“Who am I and Where Am I Really From?”
Self-introductions have never been easy for me or for anyone really. All of a sudden I’ve forgotten who I am, where I’m really from, the things I love, and whatever else trails along. The essentials remain, however: I’m Julienne, and I’ve just turned 19. Oh, and I’m Filipino – or at least that’s the easiest way of putting it.
In spite of my parents’ ethnicity being primarily Filipino, my great-grandfather from my mother’s side came from a small province in China, while my grandfather from my father’s side inherited heavy Spanish blood. I’ve never admitted to it, but my father always said I was more than just Filipino, Spanish, and Chinese. On top of it all, I’ve spent half my life in a country I’m no native to: Hong Kong. That just amplifies my problem doesn’t it? Where really is ‘home’?
“To be blatantly rational, home is in fact, wherever I am.”
To be blatantly rational, home is in fact, wherever I am. The predicament began when I tweeted twice within one week that I “wanted to go home”; the first of which I was referring to my home in Bicol, Philippines, and the second time, my apartment in Hong Kong. That’s just part of the life Third Culture Kids lead.
You could almost consider my parents as TCK as well! Having been exposed to the harsh, ‘tough love’ values of their Spaniard and Chinese grandparents, to absorbing mainstream 2000s Manila culture to learning to adapt to the fast life of Hong Kong.
“How was I supposed to choose between my Philippine home and my Hong Kong home?”
The harder part of being a TCK comes with filling up forms. I was yet again faced with the same home-dilemma while filling in my university application form and it inquired for my “permanent address”. How was I supposed to choose between my Philippine home and my Hong Kong home?
Nevertheless, I don’t see why there’s been this constant need to invalidate the upsides of being Third Culture. If anything, being a TCK offers you an extensive experience to the life you were meant to live. I’ve spent the first half of my life in the Philippines, and now after 9 long years of living in Hong Kong, I’m going to be spending the next 3-5 years in Brisbane, Australia to pursue my dreams of being a part of the international film industry.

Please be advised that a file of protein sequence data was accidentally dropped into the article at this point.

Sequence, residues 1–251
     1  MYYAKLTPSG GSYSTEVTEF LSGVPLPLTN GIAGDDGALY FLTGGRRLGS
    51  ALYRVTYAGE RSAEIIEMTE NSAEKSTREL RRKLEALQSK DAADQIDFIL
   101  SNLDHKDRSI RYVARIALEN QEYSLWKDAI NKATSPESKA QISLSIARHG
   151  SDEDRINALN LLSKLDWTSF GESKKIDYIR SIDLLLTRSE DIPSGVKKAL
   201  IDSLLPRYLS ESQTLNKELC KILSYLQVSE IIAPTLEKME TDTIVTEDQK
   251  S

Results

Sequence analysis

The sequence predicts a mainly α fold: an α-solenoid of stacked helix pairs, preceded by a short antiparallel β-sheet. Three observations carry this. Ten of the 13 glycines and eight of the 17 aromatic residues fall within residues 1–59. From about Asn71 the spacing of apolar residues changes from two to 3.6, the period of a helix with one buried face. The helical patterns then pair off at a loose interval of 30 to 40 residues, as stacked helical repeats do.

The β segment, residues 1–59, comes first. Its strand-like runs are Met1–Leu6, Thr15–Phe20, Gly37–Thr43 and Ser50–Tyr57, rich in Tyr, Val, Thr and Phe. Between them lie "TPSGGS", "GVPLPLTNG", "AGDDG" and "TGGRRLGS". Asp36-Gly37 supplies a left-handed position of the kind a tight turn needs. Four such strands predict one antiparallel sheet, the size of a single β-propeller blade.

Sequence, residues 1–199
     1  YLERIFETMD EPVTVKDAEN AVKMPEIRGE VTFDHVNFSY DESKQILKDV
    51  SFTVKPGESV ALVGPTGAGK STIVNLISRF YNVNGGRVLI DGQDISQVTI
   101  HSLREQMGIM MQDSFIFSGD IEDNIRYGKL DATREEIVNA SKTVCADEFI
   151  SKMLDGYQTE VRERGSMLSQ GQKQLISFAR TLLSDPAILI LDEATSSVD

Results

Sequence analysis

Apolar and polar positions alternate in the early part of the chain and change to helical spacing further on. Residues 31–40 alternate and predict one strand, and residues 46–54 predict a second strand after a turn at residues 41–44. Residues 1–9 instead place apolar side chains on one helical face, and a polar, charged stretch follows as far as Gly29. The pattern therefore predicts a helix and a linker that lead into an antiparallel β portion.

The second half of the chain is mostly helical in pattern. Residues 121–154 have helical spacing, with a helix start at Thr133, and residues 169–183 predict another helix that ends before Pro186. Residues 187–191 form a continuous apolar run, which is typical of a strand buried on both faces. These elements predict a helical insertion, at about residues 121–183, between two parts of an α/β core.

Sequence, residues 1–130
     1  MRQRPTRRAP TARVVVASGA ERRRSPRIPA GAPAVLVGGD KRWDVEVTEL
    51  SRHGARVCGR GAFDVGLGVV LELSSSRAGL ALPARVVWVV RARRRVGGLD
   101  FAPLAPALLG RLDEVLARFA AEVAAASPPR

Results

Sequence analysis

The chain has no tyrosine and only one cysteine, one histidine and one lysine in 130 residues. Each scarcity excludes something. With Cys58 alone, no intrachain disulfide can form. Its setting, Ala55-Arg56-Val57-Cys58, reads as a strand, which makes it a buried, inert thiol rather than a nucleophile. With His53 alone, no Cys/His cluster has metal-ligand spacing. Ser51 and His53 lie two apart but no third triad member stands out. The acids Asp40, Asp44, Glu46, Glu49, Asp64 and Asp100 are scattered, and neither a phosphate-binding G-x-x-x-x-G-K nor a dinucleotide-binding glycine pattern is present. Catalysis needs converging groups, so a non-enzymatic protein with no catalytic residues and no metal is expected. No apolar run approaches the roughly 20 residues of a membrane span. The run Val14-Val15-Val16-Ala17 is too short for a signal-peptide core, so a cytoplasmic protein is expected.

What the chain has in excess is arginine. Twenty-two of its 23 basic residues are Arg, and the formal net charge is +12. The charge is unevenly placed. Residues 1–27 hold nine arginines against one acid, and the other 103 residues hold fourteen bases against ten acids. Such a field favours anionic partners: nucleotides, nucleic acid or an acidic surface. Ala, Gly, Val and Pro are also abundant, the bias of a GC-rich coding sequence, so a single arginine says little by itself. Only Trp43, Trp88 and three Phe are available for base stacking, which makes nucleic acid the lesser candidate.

What eases me with the whole leaving-moving process is knowing that however unenlightened I am with my supposed principal, Filipino culture, I carry with me the passion and admiration for a handful of other customs, lifestyles, and traditions, I’ve had the unparalleled pleasure of being accustomed to.
The ever-so-persistent want we all bear to belong somewhere or to something prevents the true extent of our souls. The same souls which have managed to encapsulate so much ingenuity among culture over culture.
“‘Home’ doesn’t have to be limited to the ancestral ethnicity you hold.”
‘Home’ doesn’t have to be limited to the ancestral ethnicity you hold. You are not rootless, and neither are you bounded by the traditions of what you define as ‘home’. Let the cultures that surround you shape who you are. Let that be your kind of home; because like they say, home is where the heart is.
And I am my own home.